LEWISTON, Maine — Bates College President Clayton Spencer said the school will invite students back to campus this fall, as uncertainty surrounding the COVID-19 pandemic continues across Maine and the U.S.
In a letter posted to Bates' website Monday morning, Spencer wrote, 'Based on exhaustive consultation and planning, we are confident that we can make it safe to do so, assuming that we have broad commitment across the campus community.'
Spencer added that students who are not on campus will have the opportunity to take courses remotely. She also acknowledged that as public health circumstances change or issues arise, the college may need to adapt its plan.
According to Spencer, all students and staff will be tested for COVID-19 upon arrival on campus, with follow-up testing as appropriate.
Here's what the letter said under its 'Health and Safety' heading:
Paramount in our planning is our responsibility to protect the health and safety of our campus and local communities. Given that it will likely be a number of months, if not longer, before an effective vaccine against the coronavirus is broadly available, the question we face is not whether we can open Bates in person, but how we can do so safely, by adopting policies and practices proven to mitigate the risk of contracting and transmitting COVID-19.
From the moment in March when we asked students to leave campus and complete their winter semester remotely, we have worked diligently to develop a comprehensive approach to managing through the pandemic that depends on interlocking layers. We have adapted our academic calendar, our daily schedules, our teaching strategies, and every aspect of our operations to reduce the potential for spreading infection. Additionally, we will ask everyone in our community to participate in testing and contact tracing, and to observe basic public health practices, including self-monitoring for symptoms, physical distancing, face coverings, hand-washing, and limiting the size of gatherings.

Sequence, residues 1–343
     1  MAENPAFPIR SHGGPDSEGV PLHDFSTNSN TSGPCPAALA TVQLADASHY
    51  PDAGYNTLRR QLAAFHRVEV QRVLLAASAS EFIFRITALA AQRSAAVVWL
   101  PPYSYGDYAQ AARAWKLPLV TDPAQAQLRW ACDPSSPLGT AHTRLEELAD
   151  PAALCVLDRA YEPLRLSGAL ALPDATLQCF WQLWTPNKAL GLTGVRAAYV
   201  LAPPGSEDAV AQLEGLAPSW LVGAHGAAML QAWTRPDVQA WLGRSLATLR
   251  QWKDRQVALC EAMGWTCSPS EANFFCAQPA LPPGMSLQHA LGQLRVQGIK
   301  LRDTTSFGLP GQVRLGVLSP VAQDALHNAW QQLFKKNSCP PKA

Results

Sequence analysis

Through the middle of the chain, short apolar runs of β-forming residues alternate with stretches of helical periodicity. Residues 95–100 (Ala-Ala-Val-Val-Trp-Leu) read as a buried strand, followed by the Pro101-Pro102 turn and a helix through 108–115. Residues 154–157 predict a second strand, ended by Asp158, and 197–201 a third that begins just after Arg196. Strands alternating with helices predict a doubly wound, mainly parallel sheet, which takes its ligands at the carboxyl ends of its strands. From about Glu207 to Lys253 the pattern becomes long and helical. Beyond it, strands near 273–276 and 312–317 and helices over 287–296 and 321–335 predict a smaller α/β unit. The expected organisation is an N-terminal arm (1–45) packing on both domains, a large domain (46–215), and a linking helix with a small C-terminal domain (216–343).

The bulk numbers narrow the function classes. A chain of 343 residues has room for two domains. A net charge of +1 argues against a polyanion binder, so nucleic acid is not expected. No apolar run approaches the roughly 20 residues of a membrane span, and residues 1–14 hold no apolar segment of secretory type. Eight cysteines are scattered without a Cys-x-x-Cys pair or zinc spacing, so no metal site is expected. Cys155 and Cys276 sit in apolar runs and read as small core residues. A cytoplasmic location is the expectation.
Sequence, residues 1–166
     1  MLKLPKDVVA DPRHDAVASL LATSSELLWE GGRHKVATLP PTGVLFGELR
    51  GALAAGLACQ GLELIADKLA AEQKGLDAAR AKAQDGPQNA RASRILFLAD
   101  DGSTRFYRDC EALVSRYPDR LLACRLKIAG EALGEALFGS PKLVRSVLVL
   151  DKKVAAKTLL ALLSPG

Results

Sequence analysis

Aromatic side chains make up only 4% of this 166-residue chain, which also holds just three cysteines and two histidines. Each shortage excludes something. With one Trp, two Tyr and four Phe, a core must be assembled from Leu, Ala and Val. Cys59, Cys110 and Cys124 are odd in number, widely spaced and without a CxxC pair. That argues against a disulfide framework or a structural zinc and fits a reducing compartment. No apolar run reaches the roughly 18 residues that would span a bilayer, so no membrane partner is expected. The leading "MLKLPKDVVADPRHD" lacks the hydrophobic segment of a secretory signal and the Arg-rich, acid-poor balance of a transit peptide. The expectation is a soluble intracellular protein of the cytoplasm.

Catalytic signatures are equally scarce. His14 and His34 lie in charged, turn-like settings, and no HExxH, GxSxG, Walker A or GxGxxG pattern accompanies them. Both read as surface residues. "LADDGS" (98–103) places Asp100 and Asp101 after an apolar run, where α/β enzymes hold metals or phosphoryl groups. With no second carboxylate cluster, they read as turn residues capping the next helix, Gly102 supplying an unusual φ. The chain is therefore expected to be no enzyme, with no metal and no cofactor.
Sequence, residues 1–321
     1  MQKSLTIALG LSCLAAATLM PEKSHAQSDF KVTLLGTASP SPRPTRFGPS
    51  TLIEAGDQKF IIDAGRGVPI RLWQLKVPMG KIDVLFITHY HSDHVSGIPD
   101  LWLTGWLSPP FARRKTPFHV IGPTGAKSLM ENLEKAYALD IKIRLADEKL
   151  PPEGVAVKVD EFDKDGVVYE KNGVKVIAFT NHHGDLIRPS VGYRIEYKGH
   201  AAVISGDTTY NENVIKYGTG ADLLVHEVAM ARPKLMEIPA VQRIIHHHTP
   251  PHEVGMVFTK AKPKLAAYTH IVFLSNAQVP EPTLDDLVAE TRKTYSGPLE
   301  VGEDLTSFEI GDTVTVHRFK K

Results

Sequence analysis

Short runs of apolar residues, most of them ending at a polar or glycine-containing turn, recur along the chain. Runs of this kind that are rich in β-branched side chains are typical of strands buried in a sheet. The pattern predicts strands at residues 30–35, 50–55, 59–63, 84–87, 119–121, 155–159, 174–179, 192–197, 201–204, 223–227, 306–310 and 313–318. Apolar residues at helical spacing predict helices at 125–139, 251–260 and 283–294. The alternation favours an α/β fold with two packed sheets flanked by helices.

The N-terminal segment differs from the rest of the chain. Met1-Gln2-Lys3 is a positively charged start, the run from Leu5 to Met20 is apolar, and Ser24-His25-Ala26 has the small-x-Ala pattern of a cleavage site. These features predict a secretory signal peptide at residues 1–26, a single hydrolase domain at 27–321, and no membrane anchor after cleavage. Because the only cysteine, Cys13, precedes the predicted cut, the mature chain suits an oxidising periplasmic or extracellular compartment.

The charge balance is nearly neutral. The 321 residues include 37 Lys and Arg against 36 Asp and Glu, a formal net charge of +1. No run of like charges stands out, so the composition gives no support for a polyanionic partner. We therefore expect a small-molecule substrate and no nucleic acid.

We have consulted regularly with our medical partners at Central Maine Medical Center, with our faculty who have expertise in relevant areas, and with national experts in infectious disease and public health at the Mayo Clinic, Harvard, and Johns Hopkins. We pay close attention to the guidance coming from the Center for Disease Control in Maine and nationally, and we have adapted our workplace safety policies to comply with guidance issued by the Occupational Safety and Health Administration. We are governed by the state of Maine’s requirements for reopening the economy in phases, and we will continue to monitor infection rates, local healthcare capacity, and evolving state guidance as the summer progresses.
We have made decisions for the fall in response to this expert advice and to questions and concerns we have heard from faculty and staff on campus, and from students and families seeking to make plans for the coming year. Our planning has also been informed by the recognition that when we speak of protecting the safety of our community, our concept of safety must encompass a commitment to the work of antiracism and diligent efforts to protect members of our community from bias.
The first day of classes at Bates is scheduled for Wednesday, Sept. 2. Spencer said the school is still developing a detailed plan for a phased approach to new students moving into dorms, and that they will share more information in the next few weeks so that students and their families can plan.
Other changes include scheduled eating times at campus dining halls and an adapted course schedule and format. All students will also be required to sign an agreement to adhere to a set of prevention policies and protocols.
More information on Bates College's plan can be found HERE.